Sundays, midnight, Adult Swim
Captive audience: OFWGKTA followers; Jackass fans; people who prefer Tim and Eric-style humor when it’s done by black folk.
Moment of truth: There isn’t a show on TV that makes me laugh harder—and makes me kinda ashamed to admit I laugh at it—than this weekly, 11-minute clusterfuck starring hip-hop enfant terrible Tyler, the Creator and members of his Odd Future crew, now in its second season. A pile-up of absurd sketches, Jackass-style stunts and other random acts of ridiculousness, the show is blatantly—and proudly—silly. The season premiere, which featured appearances from formerly absent Odd Future member Earl Sweatshirt, at least hints there will be more structure to the silliness this go ‘round.
Emmy or phlegmmy: Emmy. (Craig D. Lindsey)
Tuesdays, 10pm, Lifetime
Captive audience: Reality-show watchers; adolescent bad girls; pervs.
Moment of truth: This new reality show from Lifetime, which follows the wild lives of three teenage preachers’ kids, has gotten some negative reactions from irate preacher parents. My question: Can you blame them? It seems this show paints daughters of clergymen as sex-crazed nymphets. One is a former wild child who now has a baby, while another aspires to be a porn star. Even the least libidinous of the trio (who has a former wrestler for a preaching father) still wonders if you actually blow when you give a BJ. As shamelessly watchable as this show is, it still doesn’t do anyone any favors.
Emmy or phlegmmy: Phlegmmy. (C.D.L.)
The Jeselnik Offensive
Tuesdays, 10:30pm, Comedy Central
Captive audience: Fans of dark humor; hipster-comedy nerds; people who miss Craig Kilborn.
Moment of truth: Cringe-humor comic/former Late Night with Jimmy Fallon writer Anthony Jeselnik is the latest smug, white-boy comic to get his own show on Comedy Central. (He’s on right after Daniel Tosh and his weekly snarkfest Tosh.0.) Much like in his dark-hearted stand-up, Jeselnik skewers sacred cows and tells jokes that go that extra mile to offend, usually with help from his guest comedian pals. Unfortunately, Jeselnik’s controlled comic style prohibits this show from exhibiting the off-the-cuff looseness it so needs. The most offensive part of this is that you hardly have a fun time watching it.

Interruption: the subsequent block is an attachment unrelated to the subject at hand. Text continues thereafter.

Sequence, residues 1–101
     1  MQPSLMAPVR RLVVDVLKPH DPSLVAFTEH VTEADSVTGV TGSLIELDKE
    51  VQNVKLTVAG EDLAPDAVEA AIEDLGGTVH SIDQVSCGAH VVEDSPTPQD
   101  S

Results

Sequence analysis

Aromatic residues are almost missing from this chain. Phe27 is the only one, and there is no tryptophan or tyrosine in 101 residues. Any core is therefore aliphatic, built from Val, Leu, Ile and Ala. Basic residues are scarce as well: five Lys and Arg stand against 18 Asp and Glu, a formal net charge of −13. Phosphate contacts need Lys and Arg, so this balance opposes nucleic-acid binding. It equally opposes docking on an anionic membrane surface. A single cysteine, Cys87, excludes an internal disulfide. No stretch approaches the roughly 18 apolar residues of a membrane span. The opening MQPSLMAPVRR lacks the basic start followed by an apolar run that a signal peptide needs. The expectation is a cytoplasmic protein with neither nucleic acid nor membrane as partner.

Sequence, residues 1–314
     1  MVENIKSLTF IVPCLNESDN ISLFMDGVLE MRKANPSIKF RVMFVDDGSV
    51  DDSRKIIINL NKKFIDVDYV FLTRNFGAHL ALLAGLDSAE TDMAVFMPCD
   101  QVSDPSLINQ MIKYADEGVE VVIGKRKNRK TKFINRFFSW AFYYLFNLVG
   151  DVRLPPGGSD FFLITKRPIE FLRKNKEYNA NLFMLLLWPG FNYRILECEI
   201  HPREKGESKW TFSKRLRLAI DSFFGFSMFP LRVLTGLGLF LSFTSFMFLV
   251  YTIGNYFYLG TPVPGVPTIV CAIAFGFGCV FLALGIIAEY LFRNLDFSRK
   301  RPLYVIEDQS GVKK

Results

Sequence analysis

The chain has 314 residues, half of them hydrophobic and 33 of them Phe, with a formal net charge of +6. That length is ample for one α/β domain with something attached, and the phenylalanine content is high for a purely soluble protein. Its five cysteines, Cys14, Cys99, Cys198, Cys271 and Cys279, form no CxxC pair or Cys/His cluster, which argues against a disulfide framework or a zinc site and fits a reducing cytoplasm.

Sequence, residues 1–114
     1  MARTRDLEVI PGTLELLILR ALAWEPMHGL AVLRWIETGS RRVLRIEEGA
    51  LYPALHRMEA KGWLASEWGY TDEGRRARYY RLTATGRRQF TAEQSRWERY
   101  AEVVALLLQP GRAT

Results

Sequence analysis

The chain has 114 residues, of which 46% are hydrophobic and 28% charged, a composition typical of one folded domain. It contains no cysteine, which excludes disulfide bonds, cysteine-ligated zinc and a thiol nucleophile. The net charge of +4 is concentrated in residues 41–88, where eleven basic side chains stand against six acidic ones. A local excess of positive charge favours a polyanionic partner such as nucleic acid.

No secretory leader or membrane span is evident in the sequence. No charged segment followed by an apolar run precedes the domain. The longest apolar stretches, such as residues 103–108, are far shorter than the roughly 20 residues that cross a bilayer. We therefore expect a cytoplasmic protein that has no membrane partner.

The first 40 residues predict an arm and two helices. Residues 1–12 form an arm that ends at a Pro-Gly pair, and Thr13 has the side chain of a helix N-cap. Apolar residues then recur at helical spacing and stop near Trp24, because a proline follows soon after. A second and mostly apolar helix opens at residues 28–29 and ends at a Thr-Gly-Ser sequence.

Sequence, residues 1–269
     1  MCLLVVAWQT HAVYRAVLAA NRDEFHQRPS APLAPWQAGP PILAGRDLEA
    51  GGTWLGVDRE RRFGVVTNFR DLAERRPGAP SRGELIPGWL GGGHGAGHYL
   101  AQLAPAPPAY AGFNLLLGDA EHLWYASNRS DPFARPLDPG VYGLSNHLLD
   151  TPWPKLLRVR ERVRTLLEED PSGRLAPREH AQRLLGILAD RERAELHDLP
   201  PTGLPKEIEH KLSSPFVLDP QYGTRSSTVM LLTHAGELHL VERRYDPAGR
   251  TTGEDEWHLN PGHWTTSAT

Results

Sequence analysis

Emmy or phlegmmy: Phlegmmy. (C.D.L.)
Fela! National Tour
Wed., March 13, Merriam Theater. felaonbroadway.com
Overall vibe: There was so much to take in that there were honestly moments when I felt like I couldn’t soak it up! Some truly talented and brilliant people shone bright at the Merriam last week.
Most memorable moment: Let’s just go there: Michelle Williams was aiight. Love me some Destiny’s Child, but she was stiff as a board on that stage. She can sing. She’s got that gospeldelic instrument, and it’s pretty powerful in person. But she looked nervous, scared, carefully and gingerly making every calculated movement. When you’re on stage with an Antibalas-inspired band full of brass, African drums and extraordinary dancers spinning magic all around you, and it looks like you need a cocktail, something’s not right.
Scene stealer: Duain Richmond, who played Fela Kuti, was the glue that held it all together. Fela often wore next to nothing or skin-tight jumpsuits, and, if I’m being honest, I wasn’t NOT looking forward to that aspect of this production. And he did not disappoint. One of my favorite moments was when he lights up a fat joint, during a conversational interlude, and an audience member (whom I realize now was planted) shouted out “Pass that!” He says “You didn’t say the magic word,” and looks at his band who shout, in unison, “Puff puff pass!” The humor was not lost on this audience. It may be prearranged but for a minute, it felt totally spontaneous. (B.C.)
Flashpoint Theatre Company’s The Bends
Through March 31, the Off-Broad Street Theatre. flashpointtheatre.org
Overall vibe: Megan Mostyn-Brown’s tense dinner party, with just enough alcohol, information and passive-aggressive posturing among old pals to barrel toward inevitable disaster by dawn.
Most memorable moment: When Paul, played to gross-bro perfection by Charlie Del Marcelle, screams, “It was grayer in real life!”
Scene stealer: Megan Slater is positively mesmerizing as Lacey, a pot-stirring type all women will recognize as their ex-best frenemy. (Tara Murtha)
Isis Productions presents John Guare’s Landscape of the Body
Through March 31, Walnut Street Theatre. isisperforms.com
Overall vibe: Acting students in self-directed scenes from a class at HB Studios the moment before a renowned teacher like Austin Pendleton says: “OK, stop now! You have to do more with this John Guare script than committing it to memory and reciting it like a third grader reciting the Gettysberg Address. Don’t listen for your lines; listen to each other!” Unfortunately for us, Pendleton was not there to rescue this train wreck of a production.
Most memorable moment: Director Neill Hartley is a successful dialect coach when he’s not attempting to direct, but you wouldn’t know it after listening to Charles McCloskey portray New York City Police Capt. Marvin Holahan with a thick Northeast Philadelphia accent. Yes, dialects are only part of an acting performance, but in a John Guare play, dialects matter.
Scene stealer: When I bumped into Bill McKinlay, the production’s board operator and lighting designer, during the 15-minute intermission, I was tempted to yank his copy of the Landscape script, hop on the Walnut’s elevator and read it at home. This play resides in the same ranks of Guare’s Pulitzer Prize-nominated Six Degrees of Separation—that is, when handled by a competent theater company. (Jessica Foley)